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Inseparable, A Correspondence with Margaret Jull Costa

Annie McDermott is the translator of Graciliano Ramos’s short story “Inseparable.” The story is featured among our Two Lines 25 Online Exclusives. Read “Inseparable” here.

The title “Inseparable” is the result of a twelve-email exchange between me and the translator Margaret Jull Costa.

I was lucky enough to work on the story as part of a six-month translation mentorship with Margaret, and one of the things we discussed as we sent my drafts back and forth between us was the question of what it should be called.

The title in Portuguese is “Dois dedos,” or “two fingers,” after the two fingers that the main character, a shabby suburban doctor, holds up to demonstrate how close he used to be to his childhood best friend. (“See? We were inseparable. Like this,” he says proudly to his wife.) You can see the problem with translating that title, though: in English it suggests indecent hand gestures more than it suggests brotherly love. I wrote to Margaret:

“Two Fingers”—provisional title. I’ll need to think of something else that doesn’t imply sticking two fingers up at someone! Maybe adding another word would get around the suggestion of swearing, e.g., “The Two Fingers,” “Like Two Fingers,” though I’m not sure either of those quite does the trick…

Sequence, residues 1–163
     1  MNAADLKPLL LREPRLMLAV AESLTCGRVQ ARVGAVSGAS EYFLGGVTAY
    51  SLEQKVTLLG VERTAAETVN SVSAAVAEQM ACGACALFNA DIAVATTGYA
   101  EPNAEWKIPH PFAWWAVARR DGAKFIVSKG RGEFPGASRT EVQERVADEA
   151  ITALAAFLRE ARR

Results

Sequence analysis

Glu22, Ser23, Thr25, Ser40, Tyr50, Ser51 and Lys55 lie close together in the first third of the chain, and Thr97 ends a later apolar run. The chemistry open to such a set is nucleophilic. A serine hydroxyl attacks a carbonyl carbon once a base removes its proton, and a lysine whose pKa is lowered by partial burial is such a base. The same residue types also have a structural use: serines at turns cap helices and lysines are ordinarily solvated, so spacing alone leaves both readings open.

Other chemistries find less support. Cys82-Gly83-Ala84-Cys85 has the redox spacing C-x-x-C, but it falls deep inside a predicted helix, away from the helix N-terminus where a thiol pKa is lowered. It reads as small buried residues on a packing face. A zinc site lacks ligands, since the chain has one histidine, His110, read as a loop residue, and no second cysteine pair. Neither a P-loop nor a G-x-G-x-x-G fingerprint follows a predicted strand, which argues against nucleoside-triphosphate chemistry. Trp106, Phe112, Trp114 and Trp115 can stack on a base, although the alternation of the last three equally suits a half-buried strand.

There’s another finger image in the original story as well. On a few occasions the doctor says that he and his friend used to be “como unha e carne,” or “like fingernail and flesh”—a commonly used phrase in Portuguese meaning “inseparable.”

Margaret: Do you think “Fingernail and Flesh” would work as a title? Maybe not.

Me: I thought about something like “Fingernail and Flesh” as well, though I’m still not sure. The word “flesh” always sounds so extreme!

Margaret: Nail and finger?

The title “Finger and Nail” then became the front-runner. Although “like finger and nail” isn’t something we say in English, I liked how strange and vivid it sounded. Margaret was less convinced (Dear Annie, I’m still uncertain about the finger and nail business…)—should it sound strange and vivid when the doctor fondly reminisces about his old friend, or should it sound natural and everyday?

For a while I decided to ignore the issue.

Dear Margaret,
Thanks very much for your comments on The Story With No Name…

Then Margaret made the radical suggestion of removing the “finger and nail” image from the story altogether (I know this is revolutionary talk, but…) and we reached the solution of calling the story “Inseparable.”

Dear Margaret,
At first I was a bit wistful about losing the finger and nail, but I agree the story is stronger with just the one finger-related image running through it.

Dear Annie,
I hope you have recovered from the loss of the “finger and nail” image…

“Inseparable” is a deeply sad story, and I liked how this new title, like the title in Portuguese, makes it all the sadder when it’s revealed to be inaccurate. “We were inseparable,” the doctor says fondly of his old friend, combing his hair and putting on his best clothes as he gets ready to visit him for the first time in decades, and yet, when they’re finally reunited, he doesn’t get quite the welcome he’s hoping for.

And so, the title decided, we moved on to the simple matter of translating the story itself. I won’t tell you how many emails that involved.